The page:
This past fall, I went with several hundred other high school students from my town to take the PSAT test. It is a practice test which you can take the year before you take the SAT, so that you know what to expect, and know in what areas you need to study harder. I was extremely, terribly, horribly nervous. I'm very shy around people I don't know, and even more so around other, "worldly" teenagers.
Being homeschooled, I am not used to being around teenagers who act so differently from me, and I struggle with a great deal of nervousness when I'm around them. In order to take the test, I had to go to a building with all of these strangers, and stay there for four hours. The night before the test, I was so extremely nervous that I broke down. I almost said that I could not go, that if I did I would probably pass out, or something else, from terror. I wasn't trusting God, and although I prayed, as usual, I wasn't really expecting Him to do anything spectacular. I didn't even really think that He would give me peace in my heart, and courage to do something that I was afraid of.
That morning, my dad drove me to the building where we were to take the test, and took me inside to sign in and find where I was supposed to sit, etc. All of the other kids had come on their buses, or in cars with friends, so I was apparently the only one who had my father with me. Add to that the fact that I was wearing a denim skirt, didn't have my hair cut in a modern style, and that I had no friends here, and I was very much the odd-ball in the room. Not that anyone even noticed me. I literally felt faint, and just wanted to get away. I shrunk next to my dad as we stood in line, in the huge crowd. Then, a man who had been standing against the wall with a younger boy came up and introduced himself to my father. "I assume you're a homeschooler?" he asked, after shaking hands.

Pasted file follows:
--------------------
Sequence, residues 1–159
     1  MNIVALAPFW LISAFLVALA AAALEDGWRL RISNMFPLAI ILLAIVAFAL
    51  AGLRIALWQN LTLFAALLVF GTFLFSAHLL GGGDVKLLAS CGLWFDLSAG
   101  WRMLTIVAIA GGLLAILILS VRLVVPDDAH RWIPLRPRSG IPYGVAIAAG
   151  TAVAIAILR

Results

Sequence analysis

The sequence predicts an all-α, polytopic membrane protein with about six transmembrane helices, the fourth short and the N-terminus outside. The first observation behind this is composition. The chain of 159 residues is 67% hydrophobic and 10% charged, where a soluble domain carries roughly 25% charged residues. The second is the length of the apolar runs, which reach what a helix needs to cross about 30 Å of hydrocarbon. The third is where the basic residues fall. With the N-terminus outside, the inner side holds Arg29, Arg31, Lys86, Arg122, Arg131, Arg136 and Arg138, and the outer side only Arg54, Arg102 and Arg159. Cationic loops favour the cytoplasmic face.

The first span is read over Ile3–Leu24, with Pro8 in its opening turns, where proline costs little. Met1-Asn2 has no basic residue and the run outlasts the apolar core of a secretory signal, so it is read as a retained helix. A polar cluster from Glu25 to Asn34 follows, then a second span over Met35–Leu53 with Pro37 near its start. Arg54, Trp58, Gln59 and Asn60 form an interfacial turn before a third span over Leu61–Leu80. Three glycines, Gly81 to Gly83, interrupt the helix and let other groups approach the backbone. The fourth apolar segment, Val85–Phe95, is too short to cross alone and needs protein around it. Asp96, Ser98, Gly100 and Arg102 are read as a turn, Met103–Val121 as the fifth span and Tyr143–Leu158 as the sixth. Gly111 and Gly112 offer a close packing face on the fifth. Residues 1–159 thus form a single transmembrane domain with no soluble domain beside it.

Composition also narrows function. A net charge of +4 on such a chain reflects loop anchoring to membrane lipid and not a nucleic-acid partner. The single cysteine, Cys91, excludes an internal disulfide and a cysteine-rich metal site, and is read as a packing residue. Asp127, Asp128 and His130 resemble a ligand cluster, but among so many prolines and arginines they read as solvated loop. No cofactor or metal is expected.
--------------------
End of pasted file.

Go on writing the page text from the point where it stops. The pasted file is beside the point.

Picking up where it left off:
"Yes," my dad replied.
"So are we," the man said. "This is my son, here." He called a young man over, and introduced him to us. He was a year older than me, and was wearing the same type of "old-fashioned" clothes. "It looks like you two are the only homeschoolers here."
I nodded. Dad and the man talked for a little while, and then they suggested something.
"Why don't you two stick together today, okay?" my dad said, turning to me. I nodded mutely, and we walked off to the 'classroom', after I said goodbye to my father. The young man kindly tried to converse with me, even though I was extremely quiet, and by the time the test started, I was feeling much more comfortable.
Throughout the day, we had several five-minute breaks. During that time, my new friend thoughtfully continued to pull me out of my shell, and by the end of the first break we had discovered several subjects which we both loved and heartily agreed on. After that, I was quite happy and not nearly so nervous any more. The test finally ended, and we both left with our parents.
Later, thinking about it, I almost wondered if the young man had been an angel, sent by God to deliver me in my time of trouble. But he was not. I saw him at the library a few weeks later, evidence that he was, indeed, a resident of a small town outside of ours. But God doesn't always send angels. He works in such amazing ways that He can bring human beings into His children's lives at just the time that they need it. And He does. El Elyon, the Most High God, gives us everything we need, even when we neglect to trust Him to provide it. He is indeed Jehovah Jireh (yeh-ho-vaw' yir-eh'), the God Who Provides. He provided for my needs in a way that I never would have expected, and in a spectacular way that could only be His hand working. I didn't really trust Him to do it, but He did it anyway. He loves us that much. He is Jehovah Jireh. Do not forget that, dear sisters. He will provide.